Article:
The French designed Morane-Saulnier M.S.406 fighter saw combat in the Battle of France in 1940. The French were working on an improved version known as the M.S.412 but due to the fall of France in 1940 it was not continued until the Swiss took up the design and developed the D-3801 fighter from it (the Swiss had previously licence-built 84 of the M.S.406 fighter between 1939 and 1940. It was known as the D-3800). The development work was primarily completed by EKW (Eidgenoessisches Konstruktionswerkstaetten or “Federal Constructions Works”).
The Morane-Saulnier D-3801 was powered by a licence-built version of the same Hispano-Suiza 12Y engine as the M.S.406 and armed with a 20mm cannon and 2 x 7.5mm machine guns. 207 D-3801 aircraft were manufactured in Switzerland for delivery to the Swiss Air Force between 1941 to 1945.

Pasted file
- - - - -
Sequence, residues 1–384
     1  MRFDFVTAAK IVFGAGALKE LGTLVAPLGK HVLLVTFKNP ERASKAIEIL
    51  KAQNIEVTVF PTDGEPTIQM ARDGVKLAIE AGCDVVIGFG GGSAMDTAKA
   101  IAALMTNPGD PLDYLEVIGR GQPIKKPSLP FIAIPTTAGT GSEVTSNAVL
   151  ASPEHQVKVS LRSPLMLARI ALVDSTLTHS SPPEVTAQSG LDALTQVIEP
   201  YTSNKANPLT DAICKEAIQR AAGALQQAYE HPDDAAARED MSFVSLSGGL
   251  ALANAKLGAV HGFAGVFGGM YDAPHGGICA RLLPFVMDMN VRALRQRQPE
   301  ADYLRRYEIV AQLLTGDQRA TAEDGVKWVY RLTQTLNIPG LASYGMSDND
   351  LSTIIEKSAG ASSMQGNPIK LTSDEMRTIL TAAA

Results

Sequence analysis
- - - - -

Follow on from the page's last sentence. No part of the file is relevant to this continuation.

A beautifully restored Morane-Saulnier D-3801 (J-276) can be seen today at the Swiss Air Force Centre in Dübendorf (Flieger Flab Museum). Red and white neutrality stripes were applied for easy recognition by both Allied and German pilots.
The D-3801 fighters were retired from front-line Swiss service when North American P-51D Mustang fighters came into service in 1948 but the last D-3801 was not retired from a training and target-tug role until 1959. Although a small number of interned USAAF P-51 variants were used by the Swiss during World War Two, 130 P-51D’s were officially purchased from US surplus stock and were operated until 1958.